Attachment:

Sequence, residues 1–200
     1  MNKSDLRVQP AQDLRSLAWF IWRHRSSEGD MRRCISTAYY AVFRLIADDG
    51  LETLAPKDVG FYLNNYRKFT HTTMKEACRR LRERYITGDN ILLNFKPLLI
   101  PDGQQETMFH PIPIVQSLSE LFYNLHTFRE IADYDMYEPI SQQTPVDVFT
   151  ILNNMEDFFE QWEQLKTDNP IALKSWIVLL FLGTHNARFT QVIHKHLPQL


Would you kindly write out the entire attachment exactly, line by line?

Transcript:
Sequence, residues 1–200
     1  MNKSDLRVQP AQDLRSLAWF IWRHRSSEGD MRRCISTAYY AVFRLIADDG
    51  LETLAPKDVG FYLNNYRKFT HTTMKEACRR LRERYITGDN ILLNFKPLLI
   101  PDGQQETMFH PIPIVQSLSE LFYNLHTFRE IADYDMYEPI SQQTPVDVFT
   151  ILNNMEDFFE QWEQLKTDNP IALKSWIVLL FLGTHNARFT QVIHKHLPQL